3 Web APIs that you may (not) know
In today’s article, we will introduce 3 Web APIs that, when used correctly, can make the job easier for many web developers.
As the name suggests, the URL API is used to work with URL addresses. URL consists of several parts: protocol, hostname, port, path and query parameters.
With this API we can not only find out the individual parts, but we can also easily modify them.
At the beginning we create a new object of URL type, where we put the URL address we want to work with as input parameter.
If we want to get the GET value of the date parameter, we simply do it via:
We can list all GET parameters by iterating the value of searchParams:
We will use the set method to modify the parameter. In addition to modifying an existing parameter, we can use the same method to add a new parameter.
When we subsequently want to get the whole URL back as a text string, we call the toString() method:
We can use the History API to manipulate the history of the browser. For example, we can replace the Back and Next buttons. We will use the back() method to go back 1 page:
Similarly, if we want to go one page forward in the history, we use the forward() method:
If we want to move several pages in the history, we use the go() method. This method has the number where we want to move in the history as input parameter. For example, the number -3 means that we want to move 3 pages back. If we use 0 as the parameter, or omit the parameter, the current page will be refreshed.
HTML5 has introduced 2 new methods to History API: pushState() and replaceState(). These methods modify the history without refreshing the page. They’re very useful for single-page applications that consist of different subpages. We can move between subpages without refreshing the page. The History API is also used in frameworks such as Nuxt.js or React Router.
History in single-page applications behaves like a stack. The pushState() method inserts a new record at the top of the stack. The replaceState() method modifies the record we are currently on. When we go back a few pages in the history and then call pushState(), the entire history of the following pages is replaced by one new record.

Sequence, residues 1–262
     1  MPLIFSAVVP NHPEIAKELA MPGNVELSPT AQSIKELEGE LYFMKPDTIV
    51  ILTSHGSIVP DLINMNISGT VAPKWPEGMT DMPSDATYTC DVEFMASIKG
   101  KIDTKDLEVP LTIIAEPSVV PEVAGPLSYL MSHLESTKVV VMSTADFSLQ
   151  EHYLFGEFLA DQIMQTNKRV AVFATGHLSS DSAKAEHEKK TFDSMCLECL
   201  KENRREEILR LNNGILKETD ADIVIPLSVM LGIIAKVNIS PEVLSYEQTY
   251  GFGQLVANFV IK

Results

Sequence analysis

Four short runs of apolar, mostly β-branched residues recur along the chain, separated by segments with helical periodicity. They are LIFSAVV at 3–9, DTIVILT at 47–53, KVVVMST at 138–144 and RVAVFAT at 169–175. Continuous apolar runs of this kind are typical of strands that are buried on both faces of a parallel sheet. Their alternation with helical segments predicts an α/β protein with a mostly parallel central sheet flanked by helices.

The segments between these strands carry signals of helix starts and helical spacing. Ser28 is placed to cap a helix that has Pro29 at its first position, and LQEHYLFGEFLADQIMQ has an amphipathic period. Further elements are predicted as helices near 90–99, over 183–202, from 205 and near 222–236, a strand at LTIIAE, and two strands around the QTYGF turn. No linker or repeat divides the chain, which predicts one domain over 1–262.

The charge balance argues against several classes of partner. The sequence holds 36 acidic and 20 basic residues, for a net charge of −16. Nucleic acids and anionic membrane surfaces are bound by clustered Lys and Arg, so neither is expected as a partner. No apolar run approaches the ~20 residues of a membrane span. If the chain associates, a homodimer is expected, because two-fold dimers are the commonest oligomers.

Both methods have 3 input parameters:
- The first parameter is the data that we want to save to the subpage (record). The data can be, for example, a text string or an object. We can then obtain this data in an onpopstate event via event.state
- The second parameter is the page title. This parameter is currently ignored on all browsers except Safari. But that may change in the future.
- The third parameter is the URL address. It can be relative or absolute. However, the absolute address must contain the hostname where we are actually located. For security reasons, the browser will not allow us to change the URL address to a completely foreign page.
For example, if we want to move to a new subpage, we call:
But when do we use the replaceState method? A typical use case is when by using the pushState method we would get into a loop in history. It must have happened to you – you wanted to return to a previous page from some page, but it wasn’t possible with the ‘back’ button, because history kept repeating itself.
For example, when we want to move to the /admin subpage, which, however, requires a login, so the subpage redirects us to /login. If we do the re-routing through pushState, clicking on the ‘back’ button would take us back to the /admin subpage and it would move us back to /login and so on. However, when we do the re-routing from /admin to /login via the replaceState() method, after clicking the back button, we don’t return to /admin, but to the subpage we came from.
The methods themselves would not be very useful if we couldn’t find out that the subpage had changed. And so, in addition to these methods, a new event was added: onpopstate. This event is called whenever we move forward or backward in history.
The Geolocation API is used to obtain the GPS coordinates you are currently on. We use this API, for example, on the drmax project to find pharmacies in a customer’s vicinity on the subpage https://www.drmax.sk/lekarne.
For security reasons, access to the geolocation API is only possible after access is granted. Therefore, before obtaining the coordinates, the browser asks us if we want to grant the site rights to access the geolocation API. Only after approval can we access the aforementioned API.
The getCurrentPosition() method is used to get the coordinates. As an input parameter, this method has a callback to a function that gets a GeolocationPosition object as an input parameter. We can list the coordinates by calling:
However, there may be a situation in the application where obtaining coordinates once won’t be enough, but we’ll want to monitor every change of position (for example, an application for a taxi service). We can use the watchPosition() method for this purpose.
The watchPosition() method returns the ID for the watcher. When we no longer need to track a user’s location, we can cancel the tracking using the returned ID and the clearWatch() method:
That would be all for today’s article. Next time we’ll introduce you to other useful Web APIs.